How to Make a Lunarium.




Introduction: How to Make a Lunarium.

About: Im a model maker who makes film and game props in my spare time. If you like my work please visit my blog it has more work. email me at backwardsprops @ gmail . com (with out the spaces, stops...

i love the moon and all the other planets and have always wanted an orrery.

they are very expencive so i thought i would make one , then i realised i didnt know how to do that.

i worked out i could make a lunarium.

This is how i did it.

Step 1: Materials and Tools.

Materials -

- clock
- brass tubes
- earth and moon (mine was a set of marbles that had a mars too but i didnt want mars in there)
- plastic
- glass dome
- card
- solder
- glue

tools -

- pliers
- lighter
- soldering iron
- knife
- clippers

Step 2: Step One.

remove the hands from the clock.

the clock i had is one of theos battery ones that the hands come off easily so you can make your own clock.

i used the pliers to pull the centre mount from the hands.

keep the mount and discard the hands.

Step 3: Step Two.

I used the lighter to heat the thin brass tube and bent it into a hoop to go round the the mounting points of the hands.

once i had the right size i bent the tube up at a right angle and looped it round and up at the centre of the hoop so when it rotates the tube goes straight up and rotates correctly.

once it rotates correctly do it again but with the hour hand but instead of straight up it comes off at an angle to hold the moon.

 i for got to take a photo of this step.

i used another tube, slightly bigger that fits over the top of the thin tube. i bent a similar hoop and right angle bend to hold the earth marble on the top. slid the large marble holding tube over the top of the mount tube and then you have your earth holder.
do the same with the moon, this time the bend after the hoop is not a right angle its just a slight bend to hold the marble flat.

Make sure that the hight of the moon lines up with the earth and isn't too far away that it hits the edge of the glass dome.

once all this is done, solder the tubes together by heating them with the lighter and letting the solder run down the gap between the two tubes. This will make sure they don't twist or shift.

once you have the marble holders completed its time to mount them to the clock hand mount point. This is done in a similar way to the tube soldering.
heat it and let the solder run into the gaps to hold it tight.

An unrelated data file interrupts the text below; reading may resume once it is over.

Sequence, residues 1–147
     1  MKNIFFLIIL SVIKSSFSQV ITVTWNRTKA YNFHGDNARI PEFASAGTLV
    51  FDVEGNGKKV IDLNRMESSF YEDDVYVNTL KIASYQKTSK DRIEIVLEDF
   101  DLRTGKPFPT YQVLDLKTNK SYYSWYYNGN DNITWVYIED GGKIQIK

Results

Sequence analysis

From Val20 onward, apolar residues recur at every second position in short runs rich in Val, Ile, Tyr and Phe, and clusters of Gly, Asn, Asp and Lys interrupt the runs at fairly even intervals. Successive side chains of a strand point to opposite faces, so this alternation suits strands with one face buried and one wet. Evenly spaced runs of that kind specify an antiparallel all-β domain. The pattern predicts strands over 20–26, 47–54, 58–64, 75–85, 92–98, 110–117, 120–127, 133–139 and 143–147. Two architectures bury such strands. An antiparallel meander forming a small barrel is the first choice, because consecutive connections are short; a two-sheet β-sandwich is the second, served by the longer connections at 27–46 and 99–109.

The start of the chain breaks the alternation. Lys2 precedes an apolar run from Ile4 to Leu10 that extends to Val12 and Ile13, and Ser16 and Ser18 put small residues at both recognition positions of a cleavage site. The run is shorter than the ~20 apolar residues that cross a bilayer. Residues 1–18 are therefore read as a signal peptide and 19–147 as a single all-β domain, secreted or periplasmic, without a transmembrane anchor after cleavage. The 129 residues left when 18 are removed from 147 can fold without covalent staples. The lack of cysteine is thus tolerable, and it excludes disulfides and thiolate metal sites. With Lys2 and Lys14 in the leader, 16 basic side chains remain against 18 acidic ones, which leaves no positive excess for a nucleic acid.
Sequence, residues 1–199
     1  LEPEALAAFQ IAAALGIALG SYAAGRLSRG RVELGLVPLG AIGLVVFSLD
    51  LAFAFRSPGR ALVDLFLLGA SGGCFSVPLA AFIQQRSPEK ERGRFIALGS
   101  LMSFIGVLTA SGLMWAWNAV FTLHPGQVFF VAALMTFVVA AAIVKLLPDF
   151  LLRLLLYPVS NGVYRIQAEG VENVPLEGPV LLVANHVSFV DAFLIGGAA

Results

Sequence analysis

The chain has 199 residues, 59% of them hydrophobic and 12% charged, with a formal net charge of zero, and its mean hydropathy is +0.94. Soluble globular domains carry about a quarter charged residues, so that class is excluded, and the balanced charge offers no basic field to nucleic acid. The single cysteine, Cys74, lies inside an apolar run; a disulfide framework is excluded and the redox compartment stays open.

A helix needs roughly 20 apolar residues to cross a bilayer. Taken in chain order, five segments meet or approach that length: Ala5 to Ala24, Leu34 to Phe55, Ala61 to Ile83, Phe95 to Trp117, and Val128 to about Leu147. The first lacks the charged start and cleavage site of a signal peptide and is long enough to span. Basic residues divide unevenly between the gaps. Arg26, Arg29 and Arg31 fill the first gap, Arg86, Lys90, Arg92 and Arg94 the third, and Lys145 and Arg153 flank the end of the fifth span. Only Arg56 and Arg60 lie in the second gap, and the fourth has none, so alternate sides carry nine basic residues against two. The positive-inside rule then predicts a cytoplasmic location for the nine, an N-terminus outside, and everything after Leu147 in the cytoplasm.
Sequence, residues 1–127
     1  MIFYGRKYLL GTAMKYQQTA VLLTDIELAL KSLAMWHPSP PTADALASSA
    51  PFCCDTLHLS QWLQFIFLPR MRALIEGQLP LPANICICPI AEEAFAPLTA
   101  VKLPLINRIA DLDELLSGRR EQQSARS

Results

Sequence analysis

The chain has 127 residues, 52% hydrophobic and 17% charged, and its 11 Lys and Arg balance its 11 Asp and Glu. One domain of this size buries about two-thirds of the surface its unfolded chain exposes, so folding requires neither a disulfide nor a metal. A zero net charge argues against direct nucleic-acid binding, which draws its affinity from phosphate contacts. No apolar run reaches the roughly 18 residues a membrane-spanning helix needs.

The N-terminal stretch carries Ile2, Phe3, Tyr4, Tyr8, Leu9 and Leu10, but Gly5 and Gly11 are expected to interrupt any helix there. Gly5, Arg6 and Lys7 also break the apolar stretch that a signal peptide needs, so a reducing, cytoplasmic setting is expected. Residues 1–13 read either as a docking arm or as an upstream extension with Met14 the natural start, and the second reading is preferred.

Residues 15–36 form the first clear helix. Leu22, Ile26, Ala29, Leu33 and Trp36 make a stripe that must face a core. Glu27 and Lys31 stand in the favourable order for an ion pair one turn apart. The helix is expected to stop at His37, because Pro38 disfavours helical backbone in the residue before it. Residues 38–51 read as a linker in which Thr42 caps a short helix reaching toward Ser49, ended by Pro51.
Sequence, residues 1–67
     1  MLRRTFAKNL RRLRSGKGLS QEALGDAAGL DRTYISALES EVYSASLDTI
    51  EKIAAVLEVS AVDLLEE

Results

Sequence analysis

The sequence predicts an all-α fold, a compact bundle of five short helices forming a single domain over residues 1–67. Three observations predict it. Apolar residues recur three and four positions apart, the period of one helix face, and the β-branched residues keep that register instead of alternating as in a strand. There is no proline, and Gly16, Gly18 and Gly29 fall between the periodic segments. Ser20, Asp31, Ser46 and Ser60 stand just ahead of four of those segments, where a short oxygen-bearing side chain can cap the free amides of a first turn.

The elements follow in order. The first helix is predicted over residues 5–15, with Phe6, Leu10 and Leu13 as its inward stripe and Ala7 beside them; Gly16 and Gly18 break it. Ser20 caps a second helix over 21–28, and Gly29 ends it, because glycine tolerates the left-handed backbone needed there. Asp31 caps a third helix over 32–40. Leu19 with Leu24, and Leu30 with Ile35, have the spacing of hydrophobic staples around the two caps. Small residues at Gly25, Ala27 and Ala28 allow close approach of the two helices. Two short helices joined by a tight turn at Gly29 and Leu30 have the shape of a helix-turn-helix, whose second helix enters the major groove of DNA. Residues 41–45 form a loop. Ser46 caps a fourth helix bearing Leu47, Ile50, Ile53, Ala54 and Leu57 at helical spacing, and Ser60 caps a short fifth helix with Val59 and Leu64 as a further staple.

Once you have the arms set and soldered its time to do a test run. place the arms and the marbles on the clock body and make sure they are all balanced correctly. let the clock run for a while (at least an hour) to let the earth spin completely once.  this will show if there is any unstable-ness (i know its not a word) in the turn of the earth, if it falls you will have to bend the stand until it sits correctly.

Step 4: Step Three.

I made a new base to hold the clock and dome as although the ornament i had a nice wooden base i couldn't get the statue off the wood. 

i used a laser cutter to cut a series of 5mm plastic rings with a square cut for the clock body.

on a couple of them i engraved some details for decoration.

i measured the inside dimension and the outside of the dome and made a ring to go on the outside and a disk the size of the internal dimensions with a hole in the centre for the clock. 

the laser cutter was used on the ring and disk to etch them with the names of the month and a star chart to add some decorations. 

Step 5: Step Four.

once you have your base made glue the clock into the hole on the underside so that the movement stem protrudes out and you can attach the marble stands onto it. 

once you have the marble stands attached put the whole thing on a flat surface and put the marbles on there hoops.

Then put the dome over the top and then you have your lunarium.

The earth will turn once every hour and the moon will take 24 hours to complete one full orbit of the earth.

This video shows the Lunarium working for 3.5 hours:
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    8 Discussions

    Gaston Lagaffe
    Gaston Lagaffe

    4 years ago

    Nice, just don't forget that it is turning backwards.


    7 years ago on Introduction

    Cool! It's nice that you can get marbles that actually look like the earth and moon.

    Cool project! I'm waiting for my daughter to be old enough (or rather have the kind of concentration required) for this kind of project.

    But wouldn't the moon take 12 hours for a complete circle? The mechanical clocks I know work like that, at least, but that does not say much.


    7 years ago on Introduction

    Using the clock movement was really clever. These would be awesome to make in school. :D